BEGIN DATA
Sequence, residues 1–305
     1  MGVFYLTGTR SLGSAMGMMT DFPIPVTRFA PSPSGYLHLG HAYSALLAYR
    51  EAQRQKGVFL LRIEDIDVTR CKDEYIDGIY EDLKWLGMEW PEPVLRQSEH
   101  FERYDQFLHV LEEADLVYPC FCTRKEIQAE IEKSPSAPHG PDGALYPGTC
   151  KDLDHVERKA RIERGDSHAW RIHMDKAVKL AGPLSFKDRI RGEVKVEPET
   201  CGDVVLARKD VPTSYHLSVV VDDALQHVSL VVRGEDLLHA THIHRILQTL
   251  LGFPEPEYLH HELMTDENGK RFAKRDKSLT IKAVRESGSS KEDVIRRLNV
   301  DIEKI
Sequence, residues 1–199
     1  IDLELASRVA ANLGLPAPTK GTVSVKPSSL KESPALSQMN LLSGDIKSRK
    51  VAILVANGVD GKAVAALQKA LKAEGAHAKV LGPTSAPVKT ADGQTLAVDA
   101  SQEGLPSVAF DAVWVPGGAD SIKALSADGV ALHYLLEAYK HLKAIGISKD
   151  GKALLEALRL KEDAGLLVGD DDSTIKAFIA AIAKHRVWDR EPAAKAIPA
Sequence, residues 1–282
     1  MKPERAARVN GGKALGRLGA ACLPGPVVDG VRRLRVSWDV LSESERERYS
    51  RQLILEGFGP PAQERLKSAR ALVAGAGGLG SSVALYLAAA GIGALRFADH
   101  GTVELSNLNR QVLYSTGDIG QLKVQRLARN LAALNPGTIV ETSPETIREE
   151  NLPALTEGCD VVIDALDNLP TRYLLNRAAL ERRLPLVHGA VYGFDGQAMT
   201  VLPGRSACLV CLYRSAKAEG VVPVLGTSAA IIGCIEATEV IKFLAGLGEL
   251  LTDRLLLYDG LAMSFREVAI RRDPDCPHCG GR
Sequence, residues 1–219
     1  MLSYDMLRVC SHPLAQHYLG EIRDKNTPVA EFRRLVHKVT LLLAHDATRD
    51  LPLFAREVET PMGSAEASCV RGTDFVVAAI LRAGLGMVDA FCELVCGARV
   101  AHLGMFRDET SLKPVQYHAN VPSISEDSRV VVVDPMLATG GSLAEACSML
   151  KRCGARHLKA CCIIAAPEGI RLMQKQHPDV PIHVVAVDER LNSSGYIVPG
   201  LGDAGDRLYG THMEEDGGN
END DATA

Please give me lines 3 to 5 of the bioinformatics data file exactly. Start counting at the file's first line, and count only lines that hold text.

    51  EAQRQKGVFL LRIEDIDVTR CKDEYIDGIY EDLKWLGMEW PEPVLRQSEH
   101  FERYDQFLHV LEEADLVYPC FCTRKEIQAE IEKSPSAPHG PDGALYPGTC
   151  KDLDHVERKA RIERGDSHAW RIHMDKAVKL AGPLSFKDRI RGEVKVEPET